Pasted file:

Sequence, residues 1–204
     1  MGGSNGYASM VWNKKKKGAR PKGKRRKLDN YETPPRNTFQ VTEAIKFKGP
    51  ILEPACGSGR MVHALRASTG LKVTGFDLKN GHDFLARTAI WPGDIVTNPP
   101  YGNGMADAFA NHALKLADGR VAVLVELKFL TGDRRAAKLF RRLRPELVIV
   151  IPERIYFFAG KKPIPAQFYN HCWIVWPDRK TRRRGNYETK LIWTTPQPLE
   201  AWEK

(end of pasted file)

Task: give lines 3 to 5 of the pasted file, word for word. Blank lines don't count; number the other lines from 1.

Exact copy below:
    51  ILEPACGSGR MVHALRASTG LKVTGFDLKN GHDFLARTAI WPGDIVTNPP
   101  YGNGMADAFA NHALKLADGR VAVLVELKFL TGDRRAAKLF RRLRPELVIV
   151  IPERIYFFAG KKPIPAQFYN HCWIVWPDRK TRRRGNYETK LIWTTPQPLE